binding update request (BU req.) when the MN initiates its movement to the foreign network. The
MN will sense the strong signal from the foreign network router. It translates this to the bitmap
field by setting up the corresponding bit. The contributed bitmap in this paper requires updating the
present binding update message by using the reserved bits already exist for future use.
Then the MN sends the updated BU req. message to the upstream Home Anchor. When the home
anchor receives the updated BU req., it will check the highest bits in the bitmap, as we can see in
the decision box (Figure 1), if these bits refers to the home anchor itself, the home anchor will learn
that this is a micro-mobility and create a new address (CoA) for the MN according to the lowest
bits of the bitmap.
Now, the Home Anchor cache table has two CoAs for a particular MN one for the previous MN’s
location and the other for the new location. It starts to tunnel the packets to both CoAs for a while
till the handover preparation is finalized. Therefore the MN will have a seamless mobility and
continuous communication, even before obtaining the new CoA from the future foreign router.
When the MN reaches the foreign router area and obtains the CoA, it will send a Binding update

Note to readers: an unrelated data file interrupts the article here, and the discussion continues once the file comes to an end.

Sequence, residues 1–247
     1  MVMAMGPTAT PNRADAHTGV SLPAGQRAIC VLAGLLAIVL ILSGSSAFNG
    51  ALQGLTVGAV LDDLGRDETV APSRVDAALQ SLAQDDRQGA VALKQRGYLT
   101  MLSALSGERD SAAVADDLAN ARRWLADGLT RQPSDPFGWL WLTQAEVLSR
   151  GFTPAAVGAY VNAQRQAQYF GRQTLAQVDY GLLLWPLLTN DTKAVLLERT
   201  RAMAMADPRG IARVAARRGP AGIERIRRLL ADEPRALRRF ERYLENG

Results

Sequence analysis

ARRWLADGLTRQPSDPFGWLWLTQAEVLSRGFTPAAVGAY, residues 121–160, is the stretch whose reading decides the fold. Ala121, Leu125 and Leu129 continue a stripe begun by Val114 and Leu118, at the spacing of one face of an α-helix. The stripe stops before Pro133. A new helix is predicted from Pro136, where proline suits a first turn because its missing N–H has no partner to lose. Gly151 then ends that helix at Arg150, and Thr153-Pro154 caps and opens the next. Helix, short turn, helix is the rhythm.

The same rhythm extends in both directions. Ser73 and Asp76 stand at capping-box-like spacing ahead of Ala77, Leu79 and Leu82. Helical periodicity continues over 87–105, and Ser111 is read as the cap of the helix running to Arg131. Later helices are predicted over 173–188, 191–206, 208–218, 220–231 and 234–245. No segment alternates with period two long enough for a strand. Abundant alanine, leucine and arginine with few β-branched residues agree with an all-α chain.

message which includes the HoA and the CoA to the upstream Home Anchor, then the Home
Anchor will refresh its binding cache and delete the old CoA.
Finally, the Home Anchor will tunnel the packets only to the new CoA.
b) Operation of Macro Mobility
This section explains the mobility between two routers each of them belongs to different Home
Anchor or different domains. The process flow is shown in Figure 1.
Assume the MN initiates the movement to a router that is connected to different home Anchor. The
MN receives the beacon from the foreign router and recognizes it as different from the old one from
the prefix. It reflects this in the higher bits of the bit map. It updates the BU request message
accordingly with the new bitmap then sends the message to the upstream Home Anchor. When the
Home Anchor receives the BU req., it will check the highest bits in the bitmap, in this case it will
recognize that these bits refers to another Anchor, therefore it forwards the BU req. to the Enterprise
Gateway (home agent). At the same time, the home anchor translates the lowest part of the bitmap to
its prefix and adds it to the MAC address to form the new CoA. The Home Anchor will tunnel the
packets to the current CoA and the new CoA at the same time. On the other hand, the Enterprise
Gateway receives the BU req. and translates the highest bits of the bitmap to the equivalent Home
Anchor address. Besides, it refreshes the cache table with this new value and starts to tunnel the